When a righteous man feels an inclination to sin, God will place stumblingblocks in his way to force moral choices, as well as a watchman to give understanding.
God's calling us is just our initial taste of His grace. Grace is unmerited, but it is not unconditional. We have an obligation to respond to God.
God's grace supports and fulfills us, but it does not mean 'once saved,always saved.' It is possible to fall from grace, as Israel's experience demonstrates.
God has imputed righteousness to us as His Children because we are in Christ. Our state before God is unleavened provided we maintain this relationship.
Although God never intended the Old Covenant to endure eternally, the spiritual law (shared by both the old and new covenants) lasts forever.
The fear of God is the first line of defense, keeping us from profaning God's name, tarnishing the image of the Lord, and defending us from pain and/or death.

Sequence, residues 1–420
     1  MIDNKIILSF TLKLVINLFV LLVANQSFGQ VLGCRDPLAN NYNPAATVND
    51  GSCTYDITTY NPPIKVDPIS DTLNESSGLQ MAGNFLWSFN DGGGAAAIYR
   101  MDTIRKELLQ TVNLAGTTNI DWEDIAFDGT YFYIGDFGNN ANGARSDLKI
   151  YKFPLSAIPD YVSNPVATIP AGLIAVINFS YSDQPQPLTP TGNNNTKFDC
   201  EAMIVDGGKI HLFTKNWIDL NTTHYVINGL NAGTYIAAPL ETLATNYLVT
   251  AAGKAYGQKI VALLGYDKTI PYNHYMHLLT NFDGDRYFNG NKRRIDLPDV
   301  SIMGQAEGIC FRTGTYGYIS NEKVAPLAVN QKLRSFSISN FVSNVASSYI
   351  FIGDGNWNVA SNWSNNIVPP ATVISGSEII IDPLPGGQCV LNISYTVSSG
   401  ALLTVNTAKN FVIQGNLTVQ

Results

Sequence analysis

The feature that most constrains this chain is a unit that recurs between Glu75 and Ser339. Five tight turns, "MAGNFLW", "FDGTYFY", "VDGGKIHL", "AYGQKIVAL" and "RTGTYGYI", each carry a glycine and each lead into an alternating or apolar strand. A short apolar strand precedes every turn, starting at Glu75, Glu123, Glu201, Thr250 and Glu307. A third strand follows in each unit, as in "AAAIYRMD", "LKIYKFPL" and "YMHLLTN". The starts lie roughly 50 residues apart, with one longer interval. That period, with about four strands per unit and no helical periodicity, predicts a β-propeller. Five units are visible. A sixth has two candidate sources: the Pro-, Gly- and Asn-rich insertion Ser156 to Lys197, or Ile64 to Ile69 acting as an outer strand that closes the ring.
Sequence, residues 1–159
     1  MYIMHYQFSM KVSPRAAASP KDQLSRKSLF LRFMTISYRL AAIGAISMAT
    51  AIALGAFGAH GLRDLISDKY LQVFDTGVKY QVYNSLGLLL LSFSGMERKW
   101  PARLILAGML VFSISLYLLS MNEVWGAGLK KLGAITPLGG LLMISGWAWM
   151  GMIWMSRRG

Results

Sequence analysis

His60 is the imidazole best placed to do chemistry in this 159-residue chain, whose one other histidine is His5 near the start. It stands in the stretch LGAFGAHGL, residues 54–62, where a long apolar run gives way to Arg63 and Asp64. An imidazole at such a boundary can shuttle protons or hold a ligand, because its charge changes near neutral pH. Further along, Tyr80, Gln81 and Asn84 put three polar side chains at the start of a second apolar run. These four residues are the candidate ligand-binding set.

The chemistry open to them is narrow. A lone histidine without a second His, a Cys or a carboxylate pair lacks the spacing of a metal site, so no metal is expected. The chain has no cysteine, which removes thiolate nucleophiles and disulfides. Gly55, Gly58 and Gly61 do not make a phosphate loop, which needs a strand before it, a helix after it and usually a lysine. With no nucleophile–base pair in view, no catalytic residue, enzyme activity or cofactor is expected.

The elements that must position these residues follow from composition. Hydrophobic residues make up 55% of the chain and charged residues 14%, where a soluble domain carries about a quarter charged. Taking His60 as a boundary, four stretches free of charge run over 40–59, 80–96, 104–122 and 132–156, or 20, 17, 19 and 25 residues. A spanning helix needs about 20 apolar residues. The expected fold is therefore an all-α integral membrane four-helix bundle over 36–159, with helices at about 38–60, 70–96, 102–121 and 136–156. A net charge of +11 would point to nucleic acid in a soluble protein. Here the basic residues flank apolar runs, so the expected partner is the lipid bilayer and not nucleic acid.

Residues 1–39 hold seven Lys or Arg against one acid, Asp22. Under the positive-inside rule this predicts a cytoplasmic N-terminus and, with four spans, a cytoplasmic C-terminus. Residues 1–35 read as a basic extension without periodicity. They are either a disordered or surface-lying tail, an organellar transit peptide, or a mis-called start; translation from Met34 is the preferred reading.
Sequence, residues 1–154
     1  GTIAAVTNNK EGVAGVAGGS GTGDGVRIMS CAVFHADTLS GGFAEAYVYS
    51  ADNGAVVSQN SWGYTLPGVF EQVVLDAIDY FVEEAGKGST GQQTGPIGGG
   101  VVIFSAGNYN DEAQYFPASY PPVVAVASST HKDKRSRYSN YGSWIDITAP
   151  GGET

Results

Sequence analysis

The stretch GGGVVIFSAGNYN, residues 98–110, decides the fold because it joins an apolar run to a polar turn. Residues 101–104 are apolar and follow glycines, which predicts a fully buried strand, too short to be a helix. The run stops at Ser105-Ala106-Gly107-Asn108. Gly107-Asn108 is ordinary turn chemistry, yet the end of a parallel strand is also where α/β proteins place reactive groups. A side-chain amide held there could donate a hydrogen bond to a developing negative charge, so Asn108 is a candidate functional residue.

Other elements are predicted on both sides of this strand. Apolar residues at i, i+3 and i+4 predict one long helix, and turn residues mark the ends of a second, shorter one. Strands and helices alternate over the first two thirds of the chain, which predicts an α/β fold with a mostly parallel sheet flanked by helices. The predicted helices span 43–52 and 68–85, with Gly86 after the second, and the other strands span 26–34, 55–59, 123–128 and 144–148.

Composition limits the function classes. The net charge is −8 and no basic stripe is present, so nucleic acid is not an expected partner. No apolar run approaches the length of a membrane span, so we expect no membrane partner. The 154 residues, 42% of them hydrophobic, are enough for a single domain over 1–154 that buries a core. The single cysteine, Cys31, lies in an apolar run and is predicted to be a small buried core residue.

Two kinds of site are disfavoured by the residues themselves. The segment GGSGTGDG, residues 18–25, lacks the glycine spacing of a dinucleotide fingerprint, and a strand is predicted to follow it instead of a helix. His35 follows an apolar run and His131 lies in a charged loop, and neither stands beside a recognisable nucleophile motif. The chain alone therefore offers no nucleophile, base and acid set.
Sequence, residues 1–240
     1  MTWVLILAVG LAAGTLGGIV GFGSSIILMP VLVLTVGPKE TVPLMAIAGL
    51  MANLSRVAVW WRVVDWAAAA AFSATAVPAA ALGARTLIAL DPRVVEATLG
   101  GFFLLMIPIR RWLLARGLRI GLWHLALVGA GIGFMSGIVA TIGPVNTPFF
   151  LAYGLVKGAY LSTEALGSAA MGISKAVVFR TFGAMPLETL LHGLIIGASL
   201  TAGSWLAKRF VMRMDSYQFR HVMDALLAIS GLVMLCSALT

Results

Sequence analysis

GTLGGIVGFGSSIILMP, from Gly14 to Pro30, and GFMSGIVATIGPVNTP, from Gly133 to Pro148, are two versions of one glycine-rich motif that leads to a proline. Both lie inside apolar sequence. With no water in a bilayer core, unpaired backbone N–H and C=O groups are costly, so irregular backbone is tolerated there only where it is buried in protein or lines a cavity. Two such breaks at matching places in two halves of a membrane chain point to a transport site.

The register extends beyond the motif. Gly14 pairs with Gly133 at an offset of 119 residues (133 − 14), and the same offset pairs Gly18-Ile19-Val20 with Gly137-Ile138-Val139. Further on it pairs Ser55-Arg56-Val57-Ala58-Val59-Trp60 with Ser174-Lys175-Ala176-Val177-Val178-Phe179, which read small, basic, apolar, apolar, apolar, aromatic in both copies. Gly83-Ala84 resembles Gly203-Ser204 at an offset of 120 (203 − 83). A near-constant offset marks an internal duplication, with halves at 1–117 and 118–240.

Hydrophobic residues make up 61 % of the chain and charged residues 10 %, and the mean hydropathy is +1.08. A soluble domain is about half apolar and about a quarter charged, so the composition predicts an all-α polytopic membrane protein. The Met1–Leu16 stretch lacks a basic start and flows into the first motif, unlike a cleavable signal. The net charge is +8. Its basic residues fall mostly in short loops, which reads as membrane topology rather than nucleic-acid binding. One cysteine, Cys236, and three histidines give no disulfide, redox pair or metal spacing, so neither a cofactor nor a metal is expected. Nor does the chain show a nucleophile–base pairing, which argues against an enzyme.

Israel experienced a type of baptism in passing through the Red Sea on the last day of Unleavened Bread. Baptism symbolizes death, burial, and resurrection.
The Scriptures place a paramount importance on sacrifice. Abraham's 'sacrifice' of Isaac confirmed him to the position of father of the faithful.
Jesus proclaimed that God was not the God of the dead but the living, identifying Abraham, Isaac, and Jacob, who were physically dead and in their graves.
We must take a closer look at ourselves, inviting God into the vetting process, recognizing the difference between what we are and how we present ourselves.
Our sinful nature drives us to disobey God's laws, just as Adam and Eve transgressed by choosing the way of death. Such choices have made this evil world.
God's solution to mankind's separation was sending a second Adam, Jesus Christ, to make reconciliation possible. Fasting shows our dependence on God.
Living faith has its roots in fervently, diligently seeking God and His righteousness with intense desire (like a passionate lover) through habitual prayer.